Dr. Debra Thompson lectures on Black belonging in North America

Thompson dives deep into Canadian and American forms of racism

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Two people standing next to each other, Dr. Thompson is on the right. Dr. Jeremy Brown of the history department is on the left.
Dr. Thompson (right) describes Canadian racism and political tactics used to diminish Black people’s accomplishment in Canada. PHOTO: SFU department of history

By: Yelin Gemma Lee, News Writer

On February 17, Dr. Debra Thompson presented, “Homegoing: Blackness and Belonging Across the Canada/US Border,” at the Harbour Event Centre. She is the second guest speaker in SFU department of history’s annual public lecture series

Her lecture focused on Black belonging and comparative race politics between US and Canada.

“I’ve spent the past 15 years thinking about the comparative politics of race, especially between Canada and the United States, but I’ve spent the past 40 years living in this body,” said Thompson. “Black History Month for me is Black past, present, and future, every day of the week and I think that I have some things to say.”

She described double consciousness — the tension and conflict of being both African American and American — as “constantly viewing one’s Black identity, experiences, behaviours, and potential through the eyes of white people who probably hate and fear you.

“It is a conflict not of loyalty or allegiance, but one characterized by the hard truth that the core ideas of the American national identity — life, liberty, pursuit of happiness — they are made possible to white Americans because of the deadly and violent subjugation of Black people,” she said.

“It is an exhausting tactic of Black survival defined by the necessity of being neither here nor there, yet everywhere at the same time.” 

She said racial politics in America are frequently used as a means to excuse and deny racism in Canada. Compared to US racism, Canadian racism is either believed to not exist or be far less entrenched and harmful. Thompson said, the “cognitive dissonance required to be righteously indignant about anti-Black racism in America but defensive when the perpetrators are the ‘us’ and not the ‘them’ is itself a particularly Canadian form of racism.”

Thompson put forward the rhetorical question of who had been asked, “Where are you really from?” She shared memories of her 20-year-old self and her response to use time and generational roots in Canada to claim her rightful place as a Canadian. 

“Generational status is frequently used as a proxy for assimilation into dominant culture. We often assume and a lot of data demonstrate that over time the characteristics that define immigrant groups and host societies become more and more similar,” explained Thompson, “We assume that the longer your family has been in this country, the more Canadian you become.”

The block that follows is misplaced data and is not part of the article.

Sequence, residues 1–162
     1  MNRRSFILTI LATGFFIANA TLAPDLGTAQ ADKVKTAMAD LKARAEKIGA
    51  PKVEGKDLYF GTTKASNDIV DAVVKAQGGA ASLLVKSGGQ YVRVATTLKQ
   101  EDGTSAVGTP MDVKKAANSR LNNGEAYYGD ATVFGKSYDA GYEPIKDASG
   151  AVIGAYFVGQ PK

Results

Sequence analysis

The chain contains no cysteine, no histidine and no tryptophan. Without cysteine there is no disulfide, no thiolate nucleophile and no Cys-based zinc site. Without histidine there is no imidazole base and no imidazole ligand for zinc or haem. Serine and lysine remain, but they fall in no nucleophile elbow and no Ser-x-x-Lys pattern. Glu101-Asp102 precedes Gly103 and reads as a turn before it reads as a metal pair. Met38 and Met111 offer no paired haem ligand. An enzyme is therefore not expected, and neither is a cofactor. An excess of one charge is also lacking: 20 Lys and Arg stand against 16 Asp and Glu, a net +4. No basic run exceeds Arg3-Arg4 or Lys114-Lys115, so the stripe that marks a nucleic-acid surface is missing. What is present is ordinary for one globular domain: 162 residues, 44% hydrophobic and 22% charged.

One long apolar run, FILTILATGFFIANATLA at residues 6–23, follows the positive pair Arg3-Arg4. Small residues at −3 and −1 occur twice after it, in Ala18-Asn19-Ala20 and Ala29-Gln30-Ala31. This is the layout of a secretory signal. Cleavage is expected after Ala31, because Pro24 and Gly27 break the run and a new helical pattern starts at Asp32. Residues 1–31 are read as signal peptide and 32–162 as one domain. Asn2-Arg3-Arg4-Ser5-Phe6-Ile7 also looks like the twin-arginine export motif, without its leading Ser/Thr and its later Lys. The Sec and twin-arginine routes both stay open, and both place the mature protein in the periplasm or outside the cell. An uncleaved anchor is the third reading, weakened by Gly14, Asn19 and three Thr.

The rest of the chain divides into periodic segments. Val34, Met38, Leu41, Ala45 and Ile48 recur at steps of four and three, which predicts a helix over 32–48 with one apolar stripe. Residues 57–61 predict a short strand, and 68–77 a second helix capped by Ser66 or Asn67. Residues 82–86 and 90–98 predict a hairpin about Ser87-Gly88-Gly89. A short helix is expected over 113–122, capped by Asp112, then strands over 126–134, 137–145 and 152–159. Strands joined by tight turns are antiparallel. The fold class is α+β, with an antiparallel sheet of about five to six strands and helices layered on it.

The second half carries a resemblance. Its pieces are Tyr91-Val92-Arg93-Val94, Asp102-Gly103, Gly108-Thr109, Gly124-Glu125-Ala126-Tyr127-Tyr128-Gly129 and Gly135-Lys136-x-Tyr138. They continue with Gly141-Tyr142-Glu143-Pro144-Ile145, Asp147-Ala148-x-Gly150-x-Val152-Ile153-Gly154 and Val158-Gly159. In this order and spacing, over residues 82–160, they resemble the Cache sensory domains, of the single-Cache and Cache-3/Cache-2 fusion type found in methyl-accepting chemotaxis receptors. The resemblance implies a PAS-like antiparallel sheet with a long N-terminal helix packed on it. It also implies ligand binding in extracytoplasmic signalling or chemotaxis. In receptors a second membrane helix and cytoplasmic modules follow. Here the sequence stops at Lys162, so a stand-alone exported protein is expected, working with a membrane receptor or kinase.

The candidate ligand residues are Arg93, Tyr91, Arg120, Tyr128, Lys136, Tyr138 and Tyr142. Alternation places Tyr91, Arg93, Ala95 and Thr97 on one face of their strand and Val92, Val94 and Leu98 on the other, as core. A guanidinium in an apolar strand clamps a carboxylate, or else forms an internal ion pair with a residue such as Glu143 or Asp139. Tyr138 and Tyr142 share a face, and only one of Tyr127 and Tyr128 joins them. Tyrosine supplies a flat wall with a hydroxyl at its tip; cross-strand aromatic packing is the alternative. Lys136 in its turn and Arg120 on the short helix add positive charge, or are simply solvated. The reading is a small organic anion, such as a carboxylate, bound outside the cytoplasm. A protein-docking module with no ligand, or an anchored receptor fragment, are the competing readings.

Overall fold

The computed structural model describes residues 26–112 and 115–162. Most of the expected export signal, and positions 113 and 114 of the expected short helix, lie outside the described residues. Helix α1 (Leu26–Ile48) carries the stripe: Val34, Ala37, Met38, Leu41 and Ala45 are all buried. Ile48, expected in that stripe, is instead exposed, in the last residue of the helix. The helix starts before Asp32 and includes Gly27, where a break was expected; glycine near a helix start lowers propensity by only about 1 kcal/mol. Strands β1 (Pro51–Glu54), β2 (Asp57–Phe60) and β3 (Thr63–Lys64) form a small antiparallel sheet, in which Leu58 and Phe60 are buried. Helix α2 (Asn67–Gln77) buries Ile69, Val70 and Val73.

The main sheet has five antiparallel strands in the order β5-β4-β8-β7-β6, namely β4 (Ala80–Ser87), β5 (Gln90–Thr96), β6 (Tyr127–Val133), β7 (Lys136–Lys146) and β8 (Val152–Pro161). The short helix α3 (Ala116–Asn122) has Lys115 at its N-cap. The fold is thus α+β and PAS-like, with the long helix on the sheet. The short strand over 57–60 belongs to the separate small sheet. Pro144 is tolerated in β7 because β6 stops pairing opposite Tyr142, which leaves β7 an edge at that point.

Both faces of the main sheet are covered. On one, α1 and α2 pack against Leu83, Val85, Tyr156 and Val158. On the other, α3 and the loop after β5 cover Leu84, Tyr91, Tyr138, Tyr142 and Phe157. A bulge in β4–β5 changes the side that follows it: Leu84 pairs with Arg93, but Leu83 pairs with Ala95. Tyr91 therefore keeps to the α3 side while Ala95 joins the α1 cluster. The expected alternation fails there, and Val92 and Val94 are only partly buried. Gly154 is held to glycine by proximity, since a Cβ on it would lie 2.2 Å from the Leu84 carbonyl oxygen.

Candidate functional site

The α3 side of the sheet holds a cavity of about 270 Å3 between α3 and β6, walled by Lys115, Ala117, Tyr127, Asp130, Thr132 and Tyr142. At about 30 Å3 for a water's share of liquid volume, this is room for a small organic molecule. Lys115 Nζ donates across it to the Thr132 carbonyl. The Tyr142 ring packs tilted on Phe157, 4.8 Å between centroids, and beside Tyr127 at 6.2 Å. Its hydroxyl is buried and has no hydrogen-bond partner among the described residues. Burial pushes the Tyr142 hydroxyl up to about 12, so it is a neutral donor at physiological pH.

Despite this data, Thompson said even second-generation Black Canadians still struggle to experience belonging because of systemic racism that they disproportionately experience. She explained the question “where are you really from?” is a response of astonishment, as people assume Blackness is from elsewhere. 

Thompson said although Blackness is erased and absent from Canadian history and society, Black people are still needed for the profitable myth of Canadian multiculturalism. She gave the example of identities such as the Canadian “safe haven” from American racism. The myth places Canada as the “promised land” for people escaping slavery. 

“Our invisibility in national mythologies is neither a coincidence nor a mistake but rather a purposeful crafting of a vision of Canada that renders Black people invisible.”

Thompson said her experiences living and teaching in both Canada and the US have taught her “abolition is the only way forward.” She added, “I didn’t used to think this way. Young Deb never dreamed of this. My students made this radical term possible. You cannot be a decent teacher without a reservoir for hope, what the future holds, and who will bring it into being.    

“Police and prison abolition is just a single star in a constellation of Black radical politics that asks us to imagine a different kind of reality. We rage for the calamity of the present because we know, we dream, we believe that the world can be better than it is now.”

Thompson is an associate professor of political science at McGill University and Canada research chair on racial inequality in democratic societies. The third and final lecture in the Highlighting Black Histories public lecture series will host Caroline Shenaz Hossein and will be held on April 14, 2022. Registration is open on Eventbrite.